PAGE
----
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A Healthy Workout for the Senior Mind: Caring for the Caregiver

Healthy Aging: An Oxymoron?

A Healthy Brain Workout

A while ago, a friend who was doing some at-home care-giving for her husband who had a terminal illness, called to invite me to go with her to a "workshop about brain health" that she read about in our local paper. Like many "boomers"-- that is, people born in the 1940s to early 1960s demographic-- I am interested in layman's "brain science" where it relates to my being able to make some practical lifestyle adjustments to extend the life span of my brain's health, and, I hope, forego dementia and Alzheimer's disease.
I said "yes" to her offer.
When we arrived I was surprised to find that the workshop was being presented by the local chapter of the British Columbia Alzheimer Society. I have older relatives diagnosed with Alzheimer's and thought that perhaps this would be a way to learn about how to avoid getting that dreadful aging disease.
The brochures laid neatly out on one of the entry tables were labeled: Taking Action for a Healthier Brain. The suggestions for maintaining or improving brain health included:
  • be socially active -- hang out with positive people and don't let the connections with family and friends go asunder. Continue to learn new things, join interest groups, volunteer, and even hold down a job if that gives you pleasure and purpose.
  • have a healthy lifestyle-- basically, eliminate junk food and high fat, high processed foods, get more exercise, keep your blood pressure down, reduce stress, quit smoking and give up the alcohol binges. Diabetes, hypertension, high cholesterol and obesity are all risk factors for Alzheimer's disease.
  • protect your brain from injuries by wearing a helmet when doing sports like ski-ing, cycling, and skating. Use safety features like handrails to avoid falls. Wear sensible shoes (I added this, it wasn't in the brochure), and drive safely while wearing a seat belt.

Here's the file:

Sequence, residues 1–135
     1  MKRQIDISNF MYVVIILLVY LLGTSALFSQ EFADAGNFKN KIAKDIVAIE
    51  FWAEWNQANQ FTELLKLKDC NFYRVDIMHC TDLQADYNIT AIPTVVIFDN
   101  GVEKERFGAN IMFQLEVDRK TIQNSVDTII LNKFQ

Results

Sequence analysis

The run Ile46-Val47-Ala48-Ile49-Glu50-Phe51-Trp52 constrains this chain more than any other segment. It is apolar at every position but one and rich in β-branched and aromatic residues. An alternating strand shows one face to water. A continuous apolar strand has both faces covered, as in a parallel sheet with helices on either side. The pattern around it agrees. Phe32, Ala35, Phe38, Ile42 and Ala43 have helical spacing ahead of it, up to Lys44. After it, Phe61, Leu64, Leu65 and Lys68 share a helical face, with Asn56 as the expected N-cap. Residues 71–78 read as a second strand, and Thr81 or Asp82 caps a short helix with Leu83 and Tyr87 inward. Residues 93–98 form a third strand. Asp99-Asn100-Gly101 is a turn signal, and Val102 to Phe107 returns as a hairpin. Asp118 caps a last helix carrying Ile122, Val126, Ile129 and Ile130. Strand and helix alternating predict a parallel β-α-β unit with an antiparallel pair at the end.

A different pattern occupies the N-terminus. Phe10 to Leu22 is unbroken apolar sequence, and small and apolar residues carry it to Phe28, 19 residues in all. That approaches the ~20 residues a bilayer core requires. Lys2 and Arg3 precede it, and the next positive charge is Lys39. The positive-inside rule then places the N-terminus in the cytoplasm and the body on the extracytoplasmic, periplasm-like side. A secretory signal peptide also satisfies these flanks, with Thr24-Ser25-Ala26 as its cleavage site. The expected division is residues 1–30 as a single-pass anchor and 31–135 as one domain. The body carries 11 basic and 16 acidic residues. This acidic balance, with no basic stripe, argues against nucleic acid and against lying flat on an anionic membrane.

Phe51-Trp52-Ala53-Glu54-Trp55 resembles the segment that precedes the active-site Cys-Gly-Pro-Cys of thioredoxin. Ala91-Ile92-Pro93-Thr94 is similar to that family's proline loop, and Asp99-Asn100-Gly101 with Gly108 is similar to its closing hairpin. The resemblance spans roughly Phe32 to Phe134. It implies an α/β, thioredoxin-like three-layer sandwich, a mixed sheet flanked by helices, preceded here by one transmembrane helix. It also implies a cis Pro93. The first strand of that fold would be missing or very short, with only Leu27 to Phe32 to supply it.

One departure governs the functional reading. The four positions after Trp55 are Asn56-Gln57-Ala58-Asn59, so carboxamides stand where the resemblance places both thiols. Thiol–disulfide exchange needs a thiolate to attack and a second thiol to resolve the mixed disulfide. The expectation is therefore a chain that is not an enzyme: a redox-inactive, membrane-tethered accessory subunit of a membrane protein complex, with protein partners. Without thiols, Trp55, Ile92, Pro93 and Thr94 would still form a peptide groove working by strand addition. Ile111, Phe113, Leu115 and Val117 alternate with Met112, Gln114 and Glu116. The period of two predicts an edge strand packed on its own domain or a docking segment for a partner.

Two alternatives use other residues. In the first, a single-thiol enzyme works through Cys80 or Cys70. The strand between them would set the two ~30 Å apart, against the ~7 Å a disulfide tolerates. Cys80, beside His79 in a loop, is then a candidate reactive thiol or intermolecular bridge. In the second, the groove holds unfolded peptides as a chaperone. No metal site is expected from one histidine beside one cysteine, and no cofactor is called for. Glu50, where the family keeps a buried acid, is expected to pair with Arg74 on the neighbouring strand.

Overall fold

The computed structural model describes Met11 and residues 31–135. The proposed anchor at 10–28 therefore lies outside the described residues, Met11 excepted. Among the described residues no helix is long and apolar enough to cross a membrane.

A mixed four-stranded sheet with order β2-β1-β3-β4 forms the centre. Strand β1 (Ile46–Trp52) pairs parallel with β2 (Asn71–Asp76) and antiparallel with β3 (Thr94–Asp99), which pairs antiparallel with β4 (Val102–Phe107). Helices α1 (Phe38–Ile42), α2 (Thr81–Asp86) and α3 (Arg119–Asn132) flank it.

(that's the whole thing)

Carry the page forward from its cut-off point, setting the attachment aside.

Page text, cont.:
• challenge your brain- keep your brain challenged everyday because that actually reduces the likelihood of developing the disease of Alzheimer's. Play games that stimulate problem-solving, like sudoku (my husband's favorite) or Literatii (my facebook word-puzzle game). Don't forget about jigsaws, crosswords, and chess. Another way to exercise your brain is to continue to try something new or the change the way you normally do tasks. Brush your teeth with your non-dominant hand, take a different route around the neighborhood when out walking the dog, learn a language (my husband has become fluent in Spanish and is an enthusiastic participant in Elder College classes that are offered in our community), learn to play the piano or join a writer's group, go to a museum, take a trip, enjoy hobbies.

Walking Is Brain Exercise

After reading over the brochure I was excited about the morning's events. I expected that there would be a nice little snack around 10a.m. too. I settled into a chair. Very briefly. Suddenly there was a group of women, many about my age, some older, moving with an organizer towards the door. I got up and clubbed with them as well. It seemed we were going on a half-hour walk. My friend and I exchanged glances. It sounded okay, but it certainly wasn't what we had expected. We took part in some gentle warm-up exercises, stretching mostly, and then headed out the door into the sunshine for a nice friendly walk along the riverbank of Courtenay. It was a beautiful sunny warm Fall Day-- the first really pleasant day we've had in weeks. We agreed that the idea to take a walk was genius! My pal and I might talk about going for a walk together, but do we? Not usually. This was a blessing.